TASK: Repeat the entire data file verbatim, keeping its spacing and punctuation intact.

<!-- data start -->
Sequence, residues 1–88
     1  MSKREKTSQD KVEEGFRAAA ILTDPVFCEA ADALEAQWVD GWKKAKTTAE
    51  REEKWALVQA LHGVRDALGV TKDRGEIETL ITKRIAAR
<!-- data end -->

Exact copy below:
Sequence, residues 1–88
     1  MSKREKTSQD KVEEGFRAAA ILTDPVFCEA ADALEAQWVD GWKKAKTTAE
    51  REEKWALVQA LHGVRDALGV TKDRGEIETL ITKRIAAR